This arch and four others near the Atlantic Avenue pavilion will be cut down to 48 inches high to allow more plants to grow underneath. A city consultant in February advised leaving the tall sea grapes uncut to provide habitat for migrating songbirds and a buffer from streetlights for sea turtles.
By Jane Smith
The sea grapes along the municipal beach — including five iconic arches — will be trimmed, Delray Beach city commissioners decided on Sept. 10.
More than half of the 42 people who spoke on the sea grape issue at the commission meeting preferred trimming them. The sea grapes will be trimmed to be 48 inches in height.
Donald Robinson, representing 40 residents of the Manor House condominiums at 100 N. Ocean Blvd., called the arches a security issue. As he did more than three years ago, he complained about the arches “housing homeless people.”
He also said Manor House residents were worried about parts of the sea grapes breaking off during a storm, blowing across Ocean Boulevard and damaging their condos.
Other speakers who supported trimming the sea grapes said a lower height would let them see the ocean during their daily walks on the promenade.
Vice Mayor Ryan Boylston, who voted for trimming all the sea grapes on Aug. 18, also in a 3-2 vote, asked for the issue to be reheard at the Sept. 10 meeting.
He first talked about his kids geocaching (using GPS coordinates to find outdoor treasures) in the sea grape arches and wheeling his grandmother into the pavilion at Atlantic Avenue and Ocean Boulevard to see the ocean.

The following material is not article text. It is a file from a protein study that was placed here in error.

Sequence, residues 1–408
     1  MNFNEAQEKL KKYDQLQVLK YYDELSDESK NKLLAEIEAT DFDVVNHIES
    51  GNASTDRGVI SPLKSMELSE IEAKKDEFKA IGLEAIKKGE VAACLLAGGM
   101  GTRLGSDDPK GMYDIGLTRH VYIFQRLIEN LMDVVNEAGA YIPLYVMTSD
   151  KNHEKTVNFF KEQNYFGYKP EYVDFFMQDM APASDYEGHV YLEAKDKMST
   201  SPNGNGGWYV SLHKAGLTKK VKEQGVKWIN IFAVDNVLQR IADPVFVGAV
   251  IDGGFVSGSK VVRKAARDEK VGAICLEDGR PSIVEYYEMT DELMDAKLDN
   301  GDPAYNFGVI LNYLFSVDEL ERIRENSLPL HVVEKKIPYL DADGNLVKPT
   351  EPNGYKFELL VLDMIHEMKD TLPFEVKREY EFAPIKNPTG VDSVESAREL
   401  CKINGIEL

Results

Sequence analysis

He also went to the beach before the meeting to take pictures of the arches and where the trimming has happened. He pointed out in the images how the area without the tunnels was “healthy and biodiverse” in its plants. The photos of the tunnels showed little plant life underneath the sea grapes.
Commissioner Adam Frankel, who supported the trimming on Aug. 18, continued to say they should be trimmed. He read a letter by Rob Barron, a dune consultant and former Delray Beach lifeguard, about how several of his native plantings died underneath the sea grapes.
“I believe in the science and Mr. Barron,” Frankel said.
But the two who voted for keeping the arches pointed out that Barron does not have a biology or other advanced degree as the coastal engineers hired to do the February study on the sea grape trimming plan.
Barron “is valuable to us in that he knows where all the native plants are,” said Missie Barletto, public works director.
“Mr. Barron said all the sea grapes should be removed,” said Commissioner Juli Casale, who wanted to keep the five arches.
Casale also said more than 1,600 residents signed a petition for keeping the arches.
“People come from all over and take pictures of the sea grape tunnels,” said Mayor Shelly Petrolia, who wanted to save the arches.
“The public wants the sea grape tunnels. Govern yourselves accordingly,” she said before the vote.
The trimming will continue in October after two colonies of honeybees are moved, Barletto said.